# Why following flatten_type method work?

I saw some code in this post, but i don’t know why this code work as expected.(flatten the type)

``````def flatten_type(object)
if object.is_a?(Array)
flatten_type(object[0])
else
object
end
end

puts typeof(flatten_type(1))                          #=> Int32
puts typeof(flatten_type([1, [2]]))                   #=> Int32
puts typeof(flatten_type([1, [2, ['a', 'b']]]))       #=> Int32 | Char
``````

Any idea? Thanks.

What part of it is suprising do you? What do you not understand?

Let us use following code as a example:

``````def flatten_type(object)
if object.is_a?(Array)
flatten_type(object[0])
else
object
end
end

x = [1, [2, ['a', 'b']]]
puts x[0].is_a? Array                           # => false
puts typeof(x[0])                               # => (Array(Array(Char) | Int32) | Int32)
puts typeof(flatten_type([1, [2, ['a', 'b']]])) # => Int32 | Char

``````

I can’t understand how flatten_type can flatten the nested type.

x = [1, [2, [‘a’, ‘b’]]]; the object[0] is x[0], it is 1, right? the type of 1 is `(Array(Array(Char) | Int32) | Int32)`, how it change to Int32 | Char ?

Thanks

Let us know if it’s still not clear.

Yes, still not clear, I think I lack imagination in some way.

let me try guess this code step by step.(crystal i not work for me for now because missing LLVM 15 support)

• x is [1, [2, [‘a’, ‘b’]]]
• Try run flatten_type(x)
• x.is_a? Array => Yes
• try run flatten_type(x[0]), because x[0] is `1`, so, should be flatten_type(1).
• 1.is_a? Array => No
• So, flatten_type finally return `object`, it is `1`,
• the compile-time type of 1 should be `(Array(Array(Char) | Int32) | Int32)`

Why the result is Int32 | Char ?

This is the part that’s actually slightly different.

The compiler doesn’t know what’s in the first position of the array. You know `x[0]` is an int, but for the compiler that could be an int or the other array.

It’s easier if you also print the types as the compiler figures things out:

``````def flatten_type(object : T) forall T
{% puts "typeof(object) is #{T}" %}
if object.is_a?(Array)
show_typeof_object0(object[0])
flatten_type(object[0])
else
show_typeof_object(object)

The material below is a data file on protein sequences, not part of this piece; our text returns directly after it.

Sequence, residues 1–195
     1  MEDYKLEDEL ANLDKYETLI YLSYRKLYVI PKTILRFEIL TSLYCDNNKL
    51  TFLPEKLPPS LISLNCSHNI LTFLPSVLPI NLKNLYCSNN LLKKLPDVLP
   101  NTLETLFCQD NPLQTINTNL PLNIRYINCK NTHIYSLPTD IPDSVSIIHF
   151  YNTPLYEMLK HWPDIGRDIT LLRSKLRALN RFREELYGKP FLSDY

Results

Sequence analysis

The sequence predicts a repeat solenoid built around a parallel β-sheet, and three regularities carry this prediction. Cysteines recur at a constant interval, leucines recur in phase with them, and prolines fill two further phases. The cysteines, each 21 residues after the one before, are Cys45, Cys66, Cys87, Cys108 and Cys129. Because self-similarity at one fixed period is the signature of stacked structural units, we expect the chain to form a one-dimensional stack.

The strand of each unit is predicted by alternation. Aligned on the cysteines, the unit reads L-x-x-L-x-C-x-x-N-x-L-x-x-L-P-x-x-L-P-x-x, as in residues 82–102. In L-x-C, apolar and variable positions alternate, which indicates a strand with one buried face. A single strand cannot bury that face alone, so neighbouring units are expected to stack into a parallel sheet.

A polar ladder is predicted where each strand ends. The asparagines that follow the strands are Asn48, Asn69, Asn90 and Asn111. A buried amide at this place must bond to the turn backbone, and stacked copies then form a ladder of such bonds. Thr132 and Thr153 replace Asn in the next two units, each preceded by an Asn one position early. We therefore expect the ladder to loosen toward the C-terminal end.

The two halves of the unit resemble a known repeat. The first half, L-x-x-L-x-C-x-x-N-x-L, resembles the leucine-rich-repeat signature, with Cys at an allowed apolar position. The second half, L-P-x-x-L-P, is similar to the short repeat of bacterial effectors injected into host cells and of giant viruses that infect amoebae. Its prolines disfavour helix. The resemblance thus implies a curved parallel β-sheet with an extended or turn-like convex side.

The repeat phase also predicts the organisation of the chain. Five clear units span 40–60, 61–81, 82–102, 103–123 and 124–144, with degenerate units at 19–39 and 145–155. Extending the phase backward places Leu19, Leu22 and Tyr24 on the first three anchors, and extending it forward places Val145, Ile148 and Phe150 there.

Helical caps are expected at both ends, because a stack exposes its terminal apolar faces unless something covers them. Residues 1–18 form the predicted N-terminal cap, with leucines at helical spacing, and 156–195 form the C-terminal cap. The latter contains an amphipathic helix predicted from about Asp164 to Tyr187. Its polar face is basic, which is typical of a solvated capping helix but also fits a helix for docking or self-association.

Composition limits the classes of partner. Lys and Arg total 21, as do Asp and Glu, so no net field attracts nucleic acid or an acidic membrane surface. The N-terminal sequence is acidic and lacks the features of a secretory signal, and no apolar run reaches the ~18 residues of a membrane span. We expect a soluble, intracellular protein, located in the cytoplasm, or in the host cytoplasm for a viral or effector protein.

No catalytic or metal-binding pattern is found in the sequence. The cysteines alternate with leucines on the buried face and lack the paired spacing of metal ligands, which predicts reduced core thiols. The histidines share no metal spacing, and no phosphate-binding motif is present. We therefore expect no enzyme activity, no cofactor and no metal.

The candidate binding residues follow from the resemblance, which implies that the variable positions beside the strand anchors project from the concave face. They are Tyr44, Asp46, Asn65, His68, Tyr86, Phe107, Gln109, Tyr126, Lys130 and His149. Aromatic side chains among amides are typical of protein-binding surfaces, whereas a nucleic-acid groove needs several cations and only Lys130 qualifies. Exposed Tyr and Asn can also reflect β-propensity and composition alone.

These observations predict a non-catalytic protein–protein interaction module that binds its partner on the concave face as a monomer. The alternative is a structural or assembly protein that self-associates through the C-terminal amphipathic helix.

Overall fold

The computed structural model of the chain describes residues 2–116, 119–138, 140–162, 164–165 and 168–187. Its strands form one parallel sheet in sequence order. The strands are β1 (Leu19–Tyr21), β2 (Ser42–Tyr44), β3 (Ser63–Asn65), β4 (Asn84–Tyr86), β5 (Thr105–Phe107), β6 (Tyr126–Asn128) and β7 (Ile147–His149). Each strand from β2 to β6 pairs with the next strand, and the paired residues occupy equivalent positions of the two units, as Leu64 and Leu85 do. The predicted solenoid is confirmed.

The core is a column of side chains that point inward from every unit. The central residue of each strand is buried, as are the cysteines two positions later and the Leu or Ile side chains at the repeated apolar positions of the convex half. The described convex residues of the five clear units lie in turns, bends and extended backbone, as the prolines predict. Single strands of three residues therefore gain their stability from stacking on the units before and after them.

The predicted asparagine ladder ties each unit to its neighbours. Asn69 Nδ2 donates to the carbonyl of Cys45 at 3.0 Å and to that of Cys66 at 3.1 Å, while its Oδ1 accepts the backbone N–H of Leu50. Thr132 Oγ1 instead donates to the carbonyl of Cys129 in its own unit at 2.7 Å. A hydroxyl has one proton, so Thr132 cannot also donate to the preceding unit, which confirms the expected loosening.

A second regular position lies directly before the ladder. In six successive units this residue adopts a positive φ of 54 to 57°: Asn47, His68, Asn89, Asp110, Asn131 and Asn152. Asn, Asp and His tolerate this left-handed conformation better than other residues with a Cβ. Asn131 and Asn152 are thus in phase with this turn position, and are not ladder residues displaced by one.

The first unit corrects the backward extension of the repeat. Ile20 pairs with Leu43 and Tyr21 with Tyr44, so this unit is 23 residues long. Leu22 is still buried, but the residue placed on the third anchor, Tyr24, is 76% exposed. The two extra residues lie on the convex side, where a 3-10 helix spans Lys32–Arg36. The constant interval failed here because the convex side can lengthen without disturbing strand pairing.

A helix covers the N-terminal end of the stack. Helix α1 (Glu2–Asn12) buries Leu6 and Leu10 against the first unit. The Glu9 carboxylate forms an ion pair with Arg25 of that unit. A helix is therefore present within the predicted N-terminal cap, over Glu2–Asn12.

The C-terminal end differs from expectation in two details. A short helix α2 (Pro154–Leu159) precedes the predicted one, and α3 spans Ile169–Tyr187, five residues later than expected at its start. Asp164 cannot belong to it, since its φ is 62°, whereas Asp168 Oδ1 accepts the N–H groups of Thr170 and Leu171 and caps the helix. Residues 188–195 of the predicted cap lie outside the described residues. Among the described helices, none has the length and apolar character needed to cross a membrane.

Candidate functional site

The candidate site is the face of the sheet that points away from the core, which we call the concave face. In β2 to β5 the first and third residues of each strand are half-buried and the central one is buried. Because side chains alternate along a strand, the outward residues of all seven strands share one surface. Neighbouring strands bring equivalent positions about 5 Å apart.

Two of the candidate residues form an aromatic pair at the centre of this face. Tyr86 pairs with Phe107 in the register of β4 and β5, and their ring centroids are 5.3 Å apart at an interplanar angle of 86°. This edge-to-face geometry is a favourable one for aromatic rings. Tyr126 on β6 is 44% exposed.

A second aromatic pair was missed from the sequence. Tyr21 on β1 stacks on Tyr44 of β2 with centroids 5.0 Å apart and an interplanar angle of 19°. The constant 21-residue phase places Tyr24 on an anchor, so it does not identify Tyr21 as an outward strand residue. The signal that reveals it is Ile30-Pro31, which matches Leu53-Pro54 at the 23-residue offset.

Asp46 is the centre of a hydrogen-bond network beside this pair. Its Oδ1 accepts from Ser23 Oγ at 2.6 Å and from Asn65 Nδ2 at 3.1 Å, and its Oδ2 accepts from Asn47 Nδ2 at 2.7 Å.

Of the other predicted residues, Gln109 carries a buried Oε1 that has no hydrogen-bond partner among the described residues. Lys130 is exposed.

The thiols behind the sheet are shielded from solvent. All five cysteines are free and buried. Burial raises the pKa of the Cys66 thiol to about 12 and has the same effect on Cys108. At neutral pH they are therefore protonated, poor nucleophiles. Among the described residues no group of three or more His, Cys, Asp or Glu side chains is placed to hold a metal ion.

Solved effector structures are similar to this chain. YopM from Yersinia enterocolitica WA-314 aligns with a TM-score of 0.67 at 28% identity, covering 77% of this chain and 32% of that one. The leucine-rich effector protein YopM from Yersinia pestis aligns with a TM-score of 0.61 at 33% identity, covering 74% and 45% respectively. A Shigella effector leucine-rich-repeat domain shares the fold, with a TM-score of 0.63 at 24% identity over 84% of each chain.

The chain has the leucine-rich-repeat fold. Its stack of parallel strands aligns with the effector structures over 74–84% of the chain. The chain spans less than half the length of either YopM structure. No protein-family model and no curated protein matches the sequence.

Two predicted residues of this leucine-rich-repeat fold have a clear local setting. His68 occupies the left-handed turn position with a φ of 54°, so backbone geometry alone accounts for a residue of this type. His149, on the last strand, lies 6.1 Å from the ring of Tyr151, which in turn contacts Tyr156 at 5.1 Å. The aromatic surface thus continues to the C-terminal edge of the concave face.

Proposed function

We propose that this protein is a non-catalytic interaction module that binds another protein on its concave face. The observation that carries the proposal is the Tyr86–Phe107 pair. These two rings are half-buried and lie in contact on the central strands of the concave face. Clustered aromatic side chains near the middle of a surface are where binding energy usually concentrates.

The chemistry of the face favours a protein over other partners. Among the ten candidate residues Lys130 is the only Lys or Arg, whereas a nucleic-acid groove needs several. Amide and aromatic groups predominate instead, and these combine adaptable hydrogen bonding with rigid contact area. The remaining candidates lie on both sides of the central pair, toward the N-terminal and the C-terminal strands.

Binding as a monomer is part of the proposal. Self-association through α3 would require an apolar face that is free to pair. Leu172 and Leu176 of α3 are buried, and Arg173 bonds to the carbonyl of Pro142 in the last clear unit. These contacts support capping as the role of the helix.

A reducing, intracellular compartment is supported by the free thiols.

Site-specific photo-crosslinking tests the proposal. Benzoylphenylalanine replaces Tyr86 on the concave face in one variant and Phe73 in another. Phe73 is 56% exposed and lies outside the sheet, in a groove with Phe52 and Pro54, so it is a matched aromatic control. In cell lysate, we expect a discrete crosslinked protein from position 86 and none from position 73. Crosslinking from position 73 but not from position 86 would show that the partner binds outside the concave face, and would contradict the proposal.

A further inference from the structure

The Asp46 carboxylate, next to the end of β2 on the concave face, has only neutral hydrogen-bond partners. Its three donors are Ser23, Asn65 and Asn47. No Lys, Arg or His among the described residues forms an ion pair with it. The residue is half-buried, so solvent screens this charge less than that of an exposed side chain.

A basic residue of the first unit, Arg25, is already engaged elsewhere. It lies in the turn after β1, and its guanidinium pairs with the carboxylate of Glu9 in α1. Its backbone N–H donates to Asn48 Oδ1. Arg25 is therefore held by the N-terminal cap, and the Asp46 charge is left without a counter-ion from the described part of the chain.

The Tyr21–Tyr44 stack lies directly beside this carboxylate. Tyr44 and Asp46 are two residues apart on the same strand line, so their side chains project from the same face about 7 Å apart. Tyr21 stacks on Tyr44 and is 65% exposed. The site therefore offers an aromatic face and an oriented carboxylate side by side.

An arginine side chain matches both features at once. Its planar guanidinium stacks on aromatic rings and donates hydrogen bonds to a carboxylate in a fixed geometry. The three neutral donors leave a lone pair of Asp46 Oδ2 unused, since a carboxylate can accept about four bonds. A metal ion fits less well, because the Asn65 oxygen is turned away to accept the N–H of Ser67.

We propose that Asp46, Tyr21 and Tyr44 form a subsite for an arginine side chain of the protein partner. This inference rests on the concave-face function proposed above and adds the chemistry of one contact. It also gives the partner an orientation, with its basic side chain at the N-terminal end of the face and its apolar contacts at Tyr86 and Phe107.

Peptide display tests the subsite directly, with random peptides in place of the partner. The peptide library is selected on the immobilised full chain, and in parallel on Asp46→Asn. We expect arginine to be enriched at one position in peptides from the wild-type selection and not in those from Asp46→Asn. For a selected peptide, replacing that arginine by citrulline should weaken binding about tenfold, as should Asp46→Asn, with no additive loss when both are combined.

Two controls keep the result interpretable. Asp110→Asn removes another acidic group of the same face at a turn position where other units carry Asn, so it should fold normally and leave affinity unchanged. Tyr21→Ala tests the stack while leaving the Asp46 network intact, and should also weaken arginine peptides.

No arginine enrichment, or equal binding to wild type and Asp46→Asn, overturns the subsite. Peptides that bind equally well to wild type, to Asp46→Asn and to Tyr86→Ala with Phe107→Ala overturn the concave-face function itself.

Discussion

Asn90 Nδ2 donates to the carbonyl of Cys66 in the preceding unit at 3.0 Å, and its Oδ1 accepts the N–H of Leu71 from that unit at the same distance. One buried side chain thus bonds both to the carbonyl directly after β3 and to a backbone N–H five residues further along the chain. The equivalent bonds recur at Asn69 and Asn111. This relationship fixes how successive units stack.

object
end
end

def show_typeof_object0(x : T) forall T
{% puts "typeof(object[0]) is #{T}" %}
end

def show_typeof_object(x : T) forall T
{% puts "typeof(object) is #{T}" %}
end

flatten_type([1, [2, ['a', 'b']]])
``````

The output is:

``````typeof(object) is Array(Array(Array(Char) | Int32) | Int32)
typeof(object[0]) is (Array(Array(Char) | Int32) | Int32)
typeof(object) is (Array(Array(Char) | Int32) | Int32)
typeof(object[0]) is (Array(Char) | Int32)
typeof(object) is (Array(Char) | Int32)
typeof(object[0]) is Char
typeof(object) is Char
typeof(object) is Char
typeof(object) is Int32
``````

Another way to understand this:

``````a = [1, 'a']
puts typeof(a[0]) # => Char | Int32
``````

That is, `typeof(a[0])` is not Int32, it’s the union. The compiler can’t know (in general) what’s in each position of the array.

2 Likes

I have been trying to understand this code intermittently these days, but I still don’t understand how above code is running.

Following is a improved version for above code.

``````def flatten_type(object : T) forall T
{% puts "typeof(object111) is #{T}" %}
p! object.is_a?(Array)
if object.is_a?(Array)
show_typeof_object0(object[0])
flatten_type(object[0])
else
show_typeof_object(object)
object
end
end

def show_typeof_object0(x : T) forall T
{% puts "typeof(object[0]) is #{T}" %}
end

def show_typeof_object(x : T) forall T
{% puts "typeof(object222) is #{T}" %}
end

# ic(1.7.2):001> typeof([1, [2, ['a', 'b']]])
# => Array(Array(Array(Char) | Int32) | Int32)

flatten_type([1, [2, ['a', 'b']]])
``````

The output is:

`````` ╰─ \$ cr run 1.cr
typeof(object111) is Array(Array(Array(Char) | Int32) | Int32)
typeof(object[0]) is (Array(Array(Char) | Int32) | Int32)
typeof(object111) is (Array(Array(Char) | Int32) | Int32)
typeof(object[0]) is (Array(Char) | Int32)
typeof(object111) is (Array(Char) | Int32)
typeof(object[0]) is Char
typeof(object111) is Char
typeof(object222) is Char
typeof(object222) is Int32
object.is_a?(Array) # => true
object.is_a?(Array) # => false
``````

I still confusing on why the code `if object.is_a?(Array)` run only twice? if the latter is return false, why above output in macro is not output as expected? i consider some magic happen on compile-time before the if condition is run?

Because the first time the method is called, the input is an array. Then the first element of that array, an integer, is passed to the method.

The method isn’t called for every element in the array (this is runtime execution.)

BUT: the method is analyzed for every possible element type in the array (this is compile-time analysis.)

2 Likes

I guess I might understand, thanks.

But I have to say that some knowledge that is never mentioned in the official documents seems to be used here? It’s hard to figure out for a programmer who’s used to Ruby.